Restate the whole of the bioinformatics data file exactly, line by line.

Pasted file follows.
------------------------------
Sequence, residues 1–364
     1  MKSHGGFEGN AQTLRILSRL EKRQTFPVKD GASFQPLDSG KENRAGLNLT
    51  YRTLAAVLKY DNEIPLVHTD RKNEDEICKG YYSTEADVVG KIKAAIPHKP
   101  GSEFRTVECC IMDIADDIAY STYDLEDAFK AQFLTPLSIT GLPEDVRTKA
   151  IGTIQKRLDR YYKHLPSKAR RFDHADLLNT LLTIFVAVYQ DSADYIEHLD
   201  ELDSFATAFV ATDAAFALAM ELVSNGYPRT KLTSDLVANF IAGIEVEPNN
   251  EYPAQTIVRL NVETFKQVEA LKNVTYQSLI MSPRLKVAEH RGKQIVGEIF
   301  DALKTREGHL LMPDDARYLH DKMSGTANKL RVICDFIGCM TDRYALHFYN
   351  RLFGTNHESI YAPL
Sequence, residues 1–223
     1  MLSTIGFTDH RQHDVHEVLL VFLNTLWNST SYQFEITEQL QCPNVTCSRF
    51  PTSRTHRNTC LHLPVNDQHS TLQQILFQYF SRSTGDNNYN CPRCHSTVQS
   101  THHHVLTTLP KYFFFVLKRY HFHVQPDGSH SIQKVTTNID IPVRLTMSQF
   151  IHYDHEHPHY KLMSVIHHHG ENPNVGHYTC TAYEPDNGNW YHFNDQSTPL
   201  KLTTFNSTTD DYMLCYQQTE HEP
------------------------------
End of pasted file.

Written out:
Sequence, residues 1–364
     1  MKSHGGFEGN AQTLRILSRL EKRQTFPVKD GASFQPLDSG KENRAGLNLT
    51  YRTLAAVLKY DNEIPLVHTD RKNEDEICKG YYSTEADVVG KIKAAIPHKP
   101  GSEFRTVECC IMDIADDIAY STYDLEDAFK AQFLTPLSIT GLPEDVRTKA
   151  IGTIQKRLDR YYKHLPSKAR RFDHADLLNT LLTIFVAVYQ DSADYIEHLD
   201  ELDSFATAFV ATDAAFALAM ELVSNGYPRT KLTSDLVANF IAGIEVEPNN
   251  EYPAQTIVRL NVETFKQVEA LKNVTYQSLI MSPRLKVAEH RGKQIVGEIF
   301  DALKTREGHL LMPDDARYLH DKMSGTANKL RVICDFIGCM TDRYALHFYN
   351  RLFGTNHESI YAPL
Sequence, residues 1–223
     1  MLSTIGFTDH RQHDVHEVLL VFLNTLWNST SYQFEITEQL QCPNVTCSRF
    51  PTSRTHRNTC LHLPVNDQHS TLQQILFQYF SRSTGDNNYN CPRCHSTVQS
   101  THHHVLTTLP KYFFFVLKRY HFHVQPDGSH SIQKVTTNID IPVRLTMSQF
   151  IHYDHEHPHY KLMSVIHHHG ENPNVGHYTC TAYEPDNGNW YHFNDQSTPL
   201  KLTTFNSTTD DYMLCYQQTE HEP